Dr. Hrdy also argues that our human ancestors became emotionally modern long before the human brain had reached its current average volume of 1,300 cubic centimeters, which is about three times the size of a chimpanzee brain — in other words, that we became the nicest apes before becoming the smartest. You don’t need a bulging brain to evolve cooperative breeding. Many species of birds breed cooperatively, as do lions, rats, meerkats, wolves and marmosets, among others. But to become a cooperatively breeding ape, and to persuade a bunch of smart, hot-tempered, suspicious, politically cunning primates to start sharing child care and provisionings, now that took a novel evolutionary development, the advent of this thing called trust.

To explain the rise of cooperative breeding among our forebears, Dr. Hrdy synthesizes an array of new research in anthropology, genetics, infant development, comparative biology. She notes that recent research has overturned the longstanding insistence that humans are a patrilocal species, that is, with women moving away from their birth families to join their husbands. Instead, it seems that young mothers in many traditional societies have their own mothers and other female relatives close at hand, and who better to trust with baby care than your mom or your aunt? New studies have also shown the importance of postmenopausal women to gathering roots and tubers, the sort of unsexy foods that are difficult to disinter and lack the succulent status of, say, a freshly killed oryx, but that just may help feed the kids in hard times. Other anthropologists have made the startling discovery that children have entertainment value, and that among traditional cultures without television or Internet access, a bobble-headed baby is the best show in town.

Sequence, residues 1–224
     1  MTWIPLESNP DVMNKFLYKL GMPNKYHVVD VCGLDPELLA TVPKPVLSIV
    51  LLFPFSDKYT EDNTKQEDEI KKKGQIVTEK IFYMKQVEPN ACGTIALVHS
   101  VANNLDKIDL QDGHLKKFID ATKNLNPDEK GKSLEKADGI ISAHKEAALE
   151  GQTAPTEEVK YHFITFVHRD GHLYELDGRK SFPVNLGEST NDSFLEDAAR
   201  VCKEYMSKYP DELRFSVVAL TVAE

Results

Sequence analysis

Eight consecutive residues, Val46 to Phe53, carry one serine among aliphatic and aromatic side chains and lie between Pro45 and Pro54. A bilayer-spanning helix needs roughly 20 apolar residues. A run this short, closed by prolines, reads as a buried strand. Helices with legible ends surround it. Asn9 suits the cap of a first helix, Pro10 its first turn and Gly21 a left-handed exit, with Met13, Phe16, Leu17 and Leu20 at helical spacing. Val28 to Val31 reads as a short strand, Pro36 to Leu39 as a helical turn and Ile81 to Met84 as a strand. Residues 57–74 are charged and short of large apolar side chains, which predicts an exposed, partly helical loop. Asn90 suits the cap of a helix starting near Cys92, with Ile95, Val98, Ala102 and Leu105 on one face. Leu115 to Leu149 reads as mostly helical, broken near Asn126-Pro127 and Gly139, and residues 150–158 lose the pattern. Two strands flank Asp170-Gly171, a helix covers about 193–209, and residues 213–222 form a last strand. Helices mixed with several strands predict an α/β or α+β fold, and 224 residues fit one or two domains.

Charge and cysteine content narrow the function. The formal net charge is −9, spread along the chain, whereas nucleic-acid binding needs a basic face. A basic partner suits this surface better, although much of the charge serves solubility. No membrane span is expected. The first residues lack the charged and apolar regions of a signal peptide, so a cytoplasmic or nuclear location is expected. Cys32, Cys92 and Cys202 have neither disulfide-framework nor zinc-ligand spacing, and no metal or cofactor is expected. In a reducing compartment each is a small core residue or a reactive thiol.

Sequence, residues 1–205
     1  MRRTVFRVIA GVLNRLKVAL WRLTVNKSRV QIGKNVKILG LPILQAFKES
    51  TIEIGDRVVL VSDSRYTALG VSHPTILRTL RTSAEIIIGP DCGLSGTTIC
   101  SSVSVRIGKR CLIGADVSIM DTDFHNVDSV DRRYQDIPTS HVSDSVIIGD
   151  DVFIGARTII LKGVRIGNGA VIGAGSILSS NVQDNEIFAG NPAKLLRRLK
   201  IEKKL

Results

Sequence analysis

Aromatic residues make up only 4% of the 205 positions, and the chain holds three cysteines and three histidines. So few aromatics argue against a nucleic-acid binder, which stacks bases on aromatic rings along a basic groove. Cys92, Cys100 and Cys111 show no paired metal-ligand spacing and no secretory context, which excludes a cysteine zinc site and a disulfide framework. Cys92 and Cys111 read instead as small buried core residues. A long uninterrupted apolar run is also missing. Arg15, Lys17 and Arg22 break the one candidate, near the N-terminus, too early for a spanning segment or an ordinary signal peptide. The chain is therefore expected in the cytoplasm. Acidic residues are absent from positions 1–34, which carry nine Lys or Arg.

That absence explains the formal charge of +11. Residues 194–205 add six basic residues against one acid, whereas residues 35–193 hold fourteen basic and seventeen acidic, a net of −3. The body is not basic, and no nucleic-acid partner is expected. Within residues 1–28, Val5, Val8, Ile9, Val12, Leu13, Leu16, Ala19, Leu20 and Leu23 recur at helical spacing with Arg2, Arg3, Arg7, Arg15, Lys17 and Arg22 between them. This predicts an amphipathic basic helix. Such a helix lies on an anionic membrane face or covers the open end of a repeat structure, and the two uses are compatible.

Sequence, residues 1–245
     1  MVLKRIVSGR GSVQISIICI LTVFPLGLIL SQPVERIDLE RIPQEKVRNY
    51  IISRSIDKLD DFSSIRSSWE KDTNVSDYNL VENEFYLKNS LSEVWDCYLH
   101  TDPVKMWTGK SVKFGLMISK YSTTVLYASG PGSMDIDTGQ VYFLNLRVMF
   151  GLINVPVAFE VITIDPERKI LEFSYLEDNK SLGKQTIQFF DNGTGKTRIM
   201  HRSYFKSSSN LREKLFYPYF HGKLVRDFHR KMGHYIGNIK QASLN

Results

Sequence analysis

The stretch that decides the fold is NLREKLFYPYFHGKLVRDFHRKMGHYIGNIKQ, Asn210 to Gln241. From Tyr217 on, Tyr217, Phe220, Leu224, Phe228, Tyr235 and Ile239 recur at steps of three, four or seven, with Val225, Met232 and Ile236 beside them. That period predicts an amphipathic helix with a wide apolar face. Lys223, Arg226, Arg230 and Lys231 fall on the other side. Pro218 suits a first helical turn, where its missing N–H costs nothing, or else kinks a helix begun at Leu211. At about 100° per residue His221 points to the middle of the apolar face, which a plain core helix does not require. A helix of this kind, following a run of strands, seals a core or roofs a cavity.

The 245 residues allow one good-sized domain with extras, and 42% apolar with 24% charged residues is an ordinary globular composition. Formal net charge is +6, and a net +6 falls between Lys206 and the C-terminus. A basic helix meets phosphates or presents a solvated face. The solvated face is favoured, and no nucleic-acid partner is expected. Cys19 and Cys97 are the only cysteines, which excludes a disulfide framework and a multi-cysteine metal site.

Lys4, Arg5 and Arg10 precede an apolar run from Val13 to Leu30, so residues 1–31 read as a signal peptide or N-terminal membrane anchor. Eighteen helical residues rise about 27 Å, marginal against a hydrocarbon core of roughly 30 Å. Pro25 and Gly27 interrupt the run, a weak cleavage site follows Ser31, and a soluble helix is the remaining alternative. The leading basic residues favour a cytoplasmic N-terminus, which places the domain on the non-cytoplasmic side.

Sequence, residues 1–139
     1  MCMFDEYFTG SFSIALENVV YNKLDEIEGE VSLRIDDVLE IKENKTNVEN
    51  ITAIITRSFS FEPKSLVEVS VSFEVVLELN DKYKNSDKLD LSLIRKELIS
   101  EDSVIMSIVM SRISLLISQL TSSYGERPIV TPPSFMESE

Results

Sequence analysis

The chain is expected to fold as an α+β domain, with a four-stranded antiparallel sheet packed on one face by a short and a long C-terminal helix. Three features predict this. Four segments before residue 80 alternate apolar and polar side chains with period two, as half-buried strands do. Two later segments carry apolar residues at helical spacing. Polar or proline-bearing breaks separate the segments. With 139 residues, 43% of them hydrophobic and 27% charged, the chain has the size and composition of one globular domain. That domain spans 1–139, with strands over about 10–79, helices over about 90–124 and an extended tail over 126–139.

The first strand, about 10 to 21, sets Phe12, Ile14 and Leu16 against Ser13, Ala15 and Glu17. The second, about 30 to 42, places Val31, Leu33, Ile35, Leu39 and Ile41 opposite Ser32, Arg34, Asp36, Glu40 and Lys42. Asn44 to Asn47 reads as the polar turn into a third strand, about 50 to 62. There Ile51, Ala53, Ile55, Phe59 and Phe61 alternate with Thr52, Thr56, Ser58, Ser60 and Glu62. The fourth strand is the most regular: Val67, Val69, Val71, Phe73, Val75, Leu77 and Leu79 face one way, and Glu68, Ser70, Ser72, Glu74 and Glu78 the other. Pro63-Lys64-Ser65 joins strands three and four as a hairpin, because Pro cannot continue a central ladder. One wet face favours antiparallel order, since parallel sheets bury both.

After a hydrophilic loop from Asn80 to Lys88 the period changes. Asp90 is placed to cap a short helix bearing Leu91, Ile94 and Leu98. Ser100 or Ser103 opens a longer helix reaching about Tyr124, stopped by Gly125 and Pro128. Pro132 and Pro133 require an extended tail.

However cooperative breeding got started, its impact on human evolution was profound. With helpers in the nest, women could give birth to offspring with ever longer childhoods — the better to build big brains and stout immune systems — and, paradoxically, at ever shrinking intervals. The average time between births for a chimpanzee mother is about six years; for a human mother, it’s two or three years. As a result of our combined braininess and fecundity, humans have managed to colonize the planet; exploit, marginalize or exterminate all competing forms of life; build a vast military-industrial complex all under the auspices of Bernard Madoff and with one yeti of a carbon footprint, and will somebody please hand me that baby before it’s too late.


The NY Times